The garden did not really look very inviting this morning, although at least the wind had dropped. I thought maybe I should set up the spreadsheets for the garden club accounts before tomorrow's meeting, but ground to a halt because I could not find a copy of last year's accounts. I think I had one at the AGM, but where I put it is another matter, and the outgoing treasurer's file didn't have one, though I did spend an enlightening hour reading the minutes of past committee meetings. Then I ventured out into the garden, where it was not as cold as I'd thought it might be.
I spent a long time trimming lengths of honeysuckle out of the rose bank, while thinking that planting roses and honeysuckle together really might not have been a good idea. Some of the roses are rampant, but the honeysuckle is inexorable, mounding and twining itself over and around everything. There is not going to be enough space in the compost bins for all the honeysuckle stems and the leaves from the Eryngium pandanifolium. For now I am stuffing them in old Strulch bags to worry about later.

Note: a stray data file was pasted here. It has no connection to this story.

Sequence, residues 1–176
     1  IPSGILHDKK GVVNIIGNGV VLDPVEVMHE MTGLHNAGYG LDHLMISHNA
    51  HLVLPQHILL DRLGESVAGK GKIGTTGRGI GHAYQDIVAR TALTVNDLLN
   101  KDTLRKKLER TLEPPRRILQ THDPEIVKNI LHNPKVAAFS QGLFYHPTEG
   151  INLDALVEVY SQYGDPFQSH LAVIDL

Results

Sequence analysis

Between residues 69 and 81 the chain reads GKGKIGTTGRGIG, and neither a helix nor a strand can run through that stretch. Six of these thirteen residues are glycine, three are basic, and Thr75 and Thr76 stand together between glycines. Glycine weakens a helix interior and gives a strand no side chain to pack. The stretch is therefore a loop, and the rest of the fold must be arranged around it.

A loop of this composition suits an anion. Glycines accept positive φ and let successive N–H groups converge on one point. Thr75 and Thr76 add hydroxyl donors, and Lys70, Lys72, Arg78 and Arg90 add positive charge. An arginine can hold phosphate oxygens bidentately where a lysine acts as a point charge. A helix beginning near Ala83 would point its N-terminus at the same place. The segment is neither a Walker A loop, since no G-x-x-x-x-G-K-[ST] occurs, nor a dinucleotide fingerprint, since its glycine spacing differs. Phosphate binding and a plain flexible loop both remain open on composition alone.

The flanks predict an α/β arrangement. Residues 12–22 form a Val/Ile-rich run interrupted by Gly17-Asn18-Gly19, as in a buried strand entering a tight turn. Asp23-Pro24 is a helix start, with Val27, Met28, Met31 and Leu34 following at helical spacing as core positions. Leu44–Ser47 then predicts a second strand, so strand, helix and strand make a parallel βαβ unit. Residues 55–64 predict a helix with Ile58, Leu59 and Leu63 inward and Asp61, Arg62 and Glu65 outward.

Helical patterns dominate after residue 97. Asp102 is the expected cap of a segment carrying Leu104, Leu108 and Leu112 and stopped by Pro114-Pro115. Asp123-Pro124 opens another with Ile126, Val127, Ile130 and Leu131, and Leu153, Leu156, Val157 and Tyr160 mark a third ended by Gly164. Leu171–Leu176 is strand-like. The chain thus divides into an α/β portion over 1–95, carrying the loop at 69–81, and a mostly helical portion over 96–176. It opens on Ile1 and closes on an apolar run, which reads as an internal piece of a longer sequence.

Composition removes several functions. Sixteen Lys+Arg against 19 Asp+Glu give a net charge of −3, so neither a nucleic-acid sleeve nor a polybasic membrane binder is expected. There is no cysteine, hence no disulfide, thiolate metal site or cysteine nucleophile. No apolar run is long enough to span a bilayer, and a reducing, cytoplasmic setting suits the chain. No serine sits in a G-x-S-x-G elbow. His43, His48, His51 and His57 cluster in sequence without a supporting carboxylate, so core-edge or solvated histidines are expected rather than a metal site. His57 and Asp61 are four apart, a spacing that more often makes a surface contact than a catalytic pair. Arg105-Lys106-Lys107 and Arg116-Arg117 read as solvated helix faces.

The Systems Administrator had a bonfire and got rid of some of the great trail of bramble stems, bracken stalks, rose prunings, shrub prunings, lengths of ivy hauled out of the backs of borders, unwanted Cornus suckers, and general woody debris that's been accumulating for months. I once heard Bob Flowerdew suggest on the radio that instead of burning our woody garden waste we should tie it together into bundles and leave it in quiet corners as wildlife habitats, which is a nice idea, but would only work if you had lots of quiet corners relative to the quantity of woody plants in your garden. Even after sifting out everything that can be used as firewood or shredded to make mulch or compost, our remaining woody garden waste would fill several industrial skips.